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Between the end of the Saturn and the start of Sega's 128-bit revolution, Yu Suzuki had been missing for a while. He had been off working on a project that was said to push the limits of the Dreamcast and the envelope of detail that the typical videogame had ever used up until this point (c. 1999). With a cast of hundreds, and nearly four years in development, the result is the first chapter of Shenmue.
The first chapter kicks the storyline off with Ryo Hazuki arriving home one night to find a strange black car parked in front of his house. Almost immediately afterwards he stumbles across his friends and family in various stages of hurt; it seems his father had been hiding an ancient relic from a rather powerful and nasty man. Ryo's arrival complicated matters as the strangers (who Ryo's father seemed to know) use the threat of Ryo's untimely demise to prompt his father to reveal the location of the mirror. With that found, the mysterious man kills the father and that in turn leaves Ryo with a mystery. Who is the man in the black car, and what did he want from his father?
As the story unfolds through Ryo's exploration and tireless questioning of the townsfolk, you'll bare witness to Yu Suzuki's vision as you tour the various areas. View crowds of people walking to and fro, all with a purpose. Also, see birds scatter as you walk towards them, facial texture mapping, Arcade games and gumball machines that crank out prizes.
With the passage of time fully integrated into the game, businesses and people will run on real time schedules. Ryo will not only have to find a shop he's been looking for, but he'll have to come around when the store's open, or when the person he is trying to talk to starts work. The passage of time also incorporates a more global element as well. If you're poking about the city in December, expect to see quite a few snowy days.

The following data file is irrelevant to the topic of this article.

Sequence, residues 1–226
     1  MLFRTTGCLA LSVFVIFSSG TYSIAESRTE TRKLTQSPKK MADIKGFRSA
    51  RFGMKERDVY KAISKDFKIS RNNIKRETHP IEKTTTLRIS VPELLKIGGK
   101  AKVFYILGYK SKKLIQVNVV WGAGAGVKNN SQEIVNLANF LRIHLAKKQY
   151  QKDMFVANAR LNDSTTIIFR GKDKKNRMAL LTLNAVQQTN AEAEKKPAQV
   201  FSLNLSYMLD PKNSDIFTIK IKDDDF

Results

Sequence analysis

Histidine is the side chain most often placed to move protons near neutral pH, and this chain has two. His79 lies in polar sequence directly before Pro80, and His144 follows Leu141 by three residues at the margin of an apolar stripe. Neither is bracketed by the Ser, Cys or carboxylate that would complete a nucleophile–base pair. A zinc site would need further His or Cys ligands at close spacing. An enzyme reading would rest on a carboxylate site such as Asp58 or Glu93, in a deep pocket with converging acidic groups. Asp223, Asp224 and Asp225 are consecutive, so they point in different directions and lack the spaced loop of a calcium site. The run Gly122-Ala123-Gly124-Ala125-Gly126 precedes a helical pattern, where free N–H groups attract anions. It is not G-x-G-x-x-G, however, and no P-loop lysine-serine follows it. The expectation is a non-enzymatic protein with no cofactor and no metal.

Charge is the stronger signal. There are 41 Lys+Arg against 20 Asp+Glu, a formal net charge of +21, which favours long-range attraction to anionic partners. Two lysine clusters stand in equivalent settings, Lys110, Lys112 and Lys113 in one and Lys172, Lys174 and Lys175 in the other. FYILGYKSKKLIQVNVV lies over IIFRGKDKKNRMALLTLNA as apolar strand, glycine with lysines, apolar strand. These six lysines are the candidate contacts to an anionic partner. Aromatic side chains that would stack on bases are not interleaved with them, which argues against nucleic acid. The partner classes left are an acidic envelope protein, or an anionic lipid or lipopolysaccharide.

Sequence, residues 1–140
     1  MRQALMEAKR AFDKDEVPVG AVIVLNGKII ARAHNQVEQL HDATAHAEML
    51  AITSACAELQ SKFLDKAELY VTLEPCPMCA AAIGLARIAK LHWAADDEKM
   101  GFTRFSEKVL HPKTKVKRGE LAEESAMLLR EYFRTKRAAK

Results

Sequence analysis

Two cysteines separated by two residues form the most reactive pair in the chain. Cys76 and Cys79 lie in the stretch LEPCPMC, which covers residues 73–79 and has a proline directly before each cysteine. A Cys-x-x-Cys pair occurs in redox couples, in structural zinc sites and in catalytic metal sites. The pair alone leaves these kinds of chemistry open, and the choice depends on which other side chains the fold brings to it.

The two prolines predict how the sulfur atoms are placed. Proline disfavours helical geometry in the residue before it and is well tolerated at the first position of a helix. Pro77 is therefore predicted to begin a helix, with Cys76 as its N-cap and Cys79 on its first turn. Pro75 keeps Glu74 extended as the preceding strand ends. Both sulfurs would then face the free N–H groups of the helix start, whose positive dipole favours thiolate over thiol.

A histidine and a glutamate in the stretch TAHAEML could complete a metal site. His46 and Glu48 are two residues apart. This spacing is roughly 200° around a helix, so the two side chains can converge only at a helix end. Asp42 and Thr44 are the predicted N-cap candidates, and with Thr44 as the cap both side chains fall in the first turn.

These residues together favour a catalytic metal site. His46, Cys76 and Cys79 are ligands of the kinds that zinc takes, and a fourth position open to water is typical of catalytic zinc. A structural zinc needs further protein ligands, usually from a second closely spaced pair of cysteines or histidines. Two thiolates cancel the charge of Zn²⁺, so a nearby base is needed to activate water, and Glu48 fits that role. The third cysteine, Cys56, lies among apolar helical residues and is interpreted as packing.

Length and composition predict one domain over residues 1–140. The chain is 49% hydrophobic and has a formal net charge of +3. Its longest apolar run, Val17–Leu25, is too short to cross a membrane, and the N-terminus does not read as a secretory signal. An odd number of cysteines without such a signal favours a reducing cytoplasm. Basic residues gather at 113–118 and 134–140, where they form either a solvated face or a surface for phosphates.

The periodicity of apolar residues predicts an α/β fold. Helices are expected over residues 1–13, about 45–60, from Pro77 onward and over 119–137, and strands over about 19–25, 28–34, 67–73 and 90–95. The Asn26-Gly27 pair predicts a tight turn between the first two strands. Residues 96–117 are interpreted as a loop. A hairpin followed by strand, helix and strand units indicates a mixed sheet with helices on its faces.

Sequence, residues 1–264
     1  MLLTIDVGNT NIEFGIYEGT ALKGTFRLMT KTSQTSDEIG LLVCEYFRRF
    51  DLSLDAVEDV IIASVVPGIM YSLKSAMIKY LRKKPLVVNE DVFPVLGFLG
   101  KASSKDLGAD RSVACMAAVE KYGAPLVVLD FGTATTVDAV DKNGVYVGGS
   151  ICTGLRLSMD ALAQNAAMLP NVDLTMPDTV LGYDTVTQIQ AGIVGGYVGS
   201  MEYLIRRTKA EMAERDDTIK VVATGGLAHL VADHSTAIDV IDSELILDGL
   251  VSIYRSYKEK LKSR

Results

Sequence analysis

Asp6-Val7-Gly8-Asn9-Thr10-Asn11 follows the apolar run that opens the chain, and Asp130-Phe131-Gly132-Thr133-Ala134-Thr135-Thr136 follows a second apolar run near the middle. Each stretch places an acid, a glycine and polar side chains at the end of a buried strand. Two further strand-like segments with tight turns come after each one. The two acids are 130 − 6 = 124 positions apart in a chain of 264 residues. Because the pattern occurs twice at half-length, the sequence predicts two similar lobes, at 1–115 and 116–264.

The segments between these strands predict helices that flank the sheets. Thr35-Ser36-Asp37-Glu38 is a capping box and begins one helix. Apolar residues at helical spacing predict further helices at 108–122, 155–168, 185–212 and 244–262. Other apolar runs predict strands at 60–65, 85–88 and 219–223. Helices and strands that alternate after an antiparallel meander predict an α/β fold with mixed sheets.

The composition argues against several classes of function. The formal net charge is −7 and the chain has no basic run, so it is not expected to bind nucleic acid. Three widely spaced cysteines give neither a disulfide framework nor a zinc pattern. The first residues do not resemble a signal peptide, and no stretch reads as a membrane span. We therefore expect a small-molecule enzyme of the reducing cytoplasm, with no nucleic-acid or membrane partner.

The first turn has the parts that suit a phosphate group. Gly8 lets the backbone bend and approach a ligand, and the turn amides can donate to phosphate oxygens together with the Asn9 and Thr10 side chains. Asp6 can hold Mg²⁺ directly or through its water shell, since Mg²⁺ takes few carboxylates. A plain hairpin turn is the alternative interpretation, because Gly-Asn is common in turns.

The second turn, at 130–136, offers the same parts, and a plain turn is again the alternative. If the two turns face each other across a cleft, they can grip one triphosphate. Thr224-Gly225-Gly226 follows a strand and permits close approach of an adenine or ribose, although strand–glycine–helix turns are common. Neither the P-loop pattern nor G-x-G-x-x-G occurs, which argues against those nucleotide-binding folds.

Action events are handled in a few different ways. First, there are the Quick Timer Events (QTE) that require you to quickly respond to a flashing on-screen button prompt. In this mode the action can range from catching a soccer ball to catching a fleeing punk. The Free Battle Mode takes a page from other 3D fighting games and offers a wide array of moves and attack options in a fully 3D, free-roaming battle environment. You'll find yourself facing multiple foes in this mode a majority of the time, although there are a few one-on-one conflicts as well. The bulk of the game is run in an exploration mode that lets Ryo poke through drawers and talk to the good denizens of the city in his quest for vengeance.
There are several sub-games within Shenmue too. There is the Arcade that is stocked with a few QTE practice games as well as Space Harrier and Hang-On. You will also get a chance to drive around a forklift and raise a cat at the local shrine.
If you've been wondering what all the fuss is about, here's your chance to see what a budget in the multi-million dollar range backed by a massive team of artists and programmers can do. ~ Joe Ottoson, All Game Guide